Banks replied that because he expected Grant’s reinforcements, “we pushed with vigor the expedition upon which we were then engaged.” He then informed Grant of his latest expedition: “Our success has been complete. We have utterly destroyed the army and navy of this part of the Confederacy, and made it impossible for the enemy to reorganize his forces for some months to come.”

Banks claimed that he “completely dispersed” the Confederate forces, having “captured 2,000 prisoners, 1,000 stand of arms, ammunition and ordnance stores, etc., 20 heavy guns, demolished his foundries at Franklin and New Iberia, and the salt-works below Iberia.”

Regarding Grant’s request for transports, Banks wrote, “It is a grief on my part that I cannot aid you in this respect. Our transportation is lamentably deficient. I had but one steamer with which to pass two divisions of my corps over Berwick Bay in this campaign.” Banks believed that controlling the Atchafalaya River was vital to capturing Port Hudson, and since the supply line for his army was tentative at best, “by the Atchafalaya all difficulties of this kind are obviated.”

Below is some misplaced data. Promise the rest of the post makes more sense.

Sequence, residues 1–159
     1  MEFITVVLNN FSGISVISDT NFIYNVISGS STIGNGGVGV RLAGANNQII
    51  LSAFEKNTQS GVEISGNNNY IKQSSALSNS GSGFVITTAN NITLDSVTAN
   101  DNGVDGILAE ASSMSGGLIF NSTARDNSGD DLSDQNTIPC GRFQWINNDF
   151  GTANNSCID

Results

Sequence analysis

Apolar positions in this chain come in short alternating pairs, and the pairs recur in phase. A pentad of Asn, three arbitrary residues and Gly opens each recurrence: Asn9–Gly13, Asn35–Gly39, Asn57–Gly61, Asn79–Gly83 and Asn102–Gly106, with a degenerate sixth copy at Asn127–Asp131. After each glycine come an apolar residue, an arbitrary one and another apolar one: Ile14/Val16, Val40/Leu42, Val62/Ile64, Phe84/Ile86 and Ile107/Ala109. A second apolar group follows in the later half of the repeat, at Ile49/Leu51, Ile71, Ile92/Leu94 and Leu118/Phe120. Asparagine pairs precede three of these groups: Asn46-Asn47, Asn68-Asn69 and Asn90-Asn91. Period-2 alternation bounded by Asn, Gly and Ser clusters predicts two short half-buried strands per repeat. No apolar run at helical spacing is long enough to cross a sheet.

Both Banks and Grant continued conducting their independent operations without cooperating as their superiors had urged.

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References

CivilWarDailyGazette.com; Delaney, Norman C., Historical Times Illustrated Encyclopedia of the Civil War (New York: Harper & Row, 1986, Patricia L. Faust ed.), p. 383-84; Denney, Robert E., The Civil War Years: A Day-by-Day Chronicle (New York: Gramercy Books, 1992 [1998 edition]), p. 274; Foote, Shelby, The Civil War: A Narrative: Volume 2: Fredericksburg to Meridian (Vintage Civil War Library, Knopf Doubleday Publishing Group, Kindle Edition, 2011), p. 391-92; Fredriksen, John C., Civil War Almanac (New York: Checkmark Books, 2007), p. 279-81, 283; Jones, Virgil Carrington (Pat), Historical Times Illustrated Encyclopedia of the Civil War (New York: Harper & Row, 1986, Patricia L. Faust ed.), p. 607; Korn, Jerry, War on the Mississippi: Grant’s Vicksburg Campaign (Alexandria, VA: Time-Life Books, 1983), p. 110; Long, E.B. with Long, Barbara, The Civil War Day by Day (New York: Da Capo Press, Inc., 1971), p. 337-38; McPherson, James M., War on the Waters: The Union and Confederate Navies, 1861-1865 (Littlefield History of the Civil War Era, The University of North Carolina Press, Kindle Edition, 2012), p. 162; Wert, Jeffry D., Historical Times Illustrated Encyclopedia of the Civil War (New York: Harper & Row, 1986, Patricia L. Faust ed.), p. 687